o The Frog Blog: Transition Year Work on the Common Kingfisher

Saturday, 1 May 2010

Transition Year Work on the Common Kingfisher


The eurasian or common kingfisher Alcedo atthis is perhaps one of our most attractive but elusive birds, often just glimpsed as a flash of turquoise zipping along the banks of undisturbed streams and rivers. They are wide-ranging, and are found from Northern Europe through the Mediterranean and Middle East to Asia and New Guinea. Kingfishers belong to the Order Coraciiformes, and are about 16 cm to 18 cm long when adult, with a distinctive orange, blue and black plumage and red legs. They feed on small fish and water insects, and have also been known to prey on frogs, worms, spiders and centipedes. They have a characteristic fast-flapping flight which is followed by a gliding phase, and a distinctively harsh call (but no ‘song’).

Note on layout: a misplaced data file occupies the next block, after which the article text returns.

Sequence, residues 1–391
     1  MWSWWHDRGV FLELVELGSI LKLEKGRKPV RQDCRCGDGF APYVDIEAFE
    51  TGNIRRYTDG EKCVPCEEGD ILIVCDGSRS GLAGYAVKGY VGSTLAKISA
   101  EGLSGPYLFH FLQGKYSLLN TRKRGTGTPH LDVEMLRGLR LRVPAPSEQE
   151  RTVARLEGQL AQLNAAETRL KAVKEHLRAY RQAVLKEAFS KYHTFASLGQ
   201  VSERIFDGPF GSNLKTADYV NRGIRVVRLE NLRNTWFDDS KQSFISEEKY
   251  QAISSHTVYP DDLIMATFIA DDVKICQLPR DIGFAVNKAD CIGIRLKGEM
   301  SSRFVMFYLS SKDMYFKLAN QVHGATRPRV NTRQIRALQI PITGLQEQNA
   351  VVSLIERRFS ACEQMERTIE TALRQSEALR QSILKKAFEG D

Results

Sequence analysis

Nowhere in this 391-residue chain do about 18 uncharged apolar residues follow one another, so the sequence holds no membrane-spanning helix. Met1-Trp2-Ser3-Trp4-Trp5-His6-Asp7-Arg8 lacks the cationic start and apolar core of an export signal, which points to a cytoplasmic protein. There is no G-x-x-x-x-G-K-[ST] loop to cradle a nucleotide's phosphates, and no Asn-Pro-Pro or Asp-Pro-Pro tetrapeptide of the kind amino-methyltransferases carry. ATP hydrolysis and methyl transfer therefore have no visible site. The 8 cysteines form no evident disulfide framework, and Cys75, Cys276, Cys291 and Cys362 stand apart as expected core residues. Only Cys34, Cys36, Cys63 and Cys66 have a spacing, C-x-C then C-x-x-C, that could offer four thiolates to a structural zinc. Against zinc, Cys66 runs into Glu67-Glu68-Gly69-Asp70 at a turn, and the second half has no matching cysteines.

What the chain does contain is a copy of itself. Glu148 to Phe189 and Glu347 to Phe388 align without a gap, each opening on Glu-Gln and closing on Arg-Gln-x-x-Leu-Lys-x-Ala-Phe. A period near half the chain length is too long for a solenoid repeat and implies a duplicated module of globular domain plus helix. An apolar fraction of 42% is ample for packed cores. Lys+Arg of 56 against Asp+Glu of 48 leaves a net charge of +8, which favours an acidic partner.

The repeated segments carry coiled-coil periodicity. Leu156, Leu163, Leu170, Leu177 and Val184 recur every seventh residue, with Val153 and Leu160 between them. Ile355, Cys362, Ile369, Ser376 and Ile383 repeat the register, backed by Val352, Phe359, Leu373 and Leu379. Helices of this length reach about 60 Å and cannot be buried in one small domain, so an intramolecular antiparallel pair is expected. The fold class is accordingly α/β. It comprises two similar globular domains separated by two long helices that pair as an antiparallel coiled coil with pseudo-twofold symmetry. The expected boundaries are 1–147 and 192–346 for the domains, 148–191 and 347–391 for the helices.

Kingfishers are typically found near slow-flowing streams and rivers, and perch on overhanging branches in order to hunt. They are highly territorial, and remain solitary until pairs form in the Autumn (they are generally monogamous). Nests are built at the end of burrows dug in to vertical sandy banks by both members of a pair. About 5-7 glossy white eggs are typically laid, and incubated by both parents in the daytime, but only by the female at night.

When hunting the kingfisher dives into the water and opens its wings - keeping sight of its prey due to a specially developed third transparent eyelid. A second fovea in the retina allows for the refraction of light underwater and gives binocular vision thus allowing accurate judgement of distance between predator and prey.


Rabindranath Sheeran, Alicia Rodriguez, Leonhard Dihlmann and Mena Fitzgibbon

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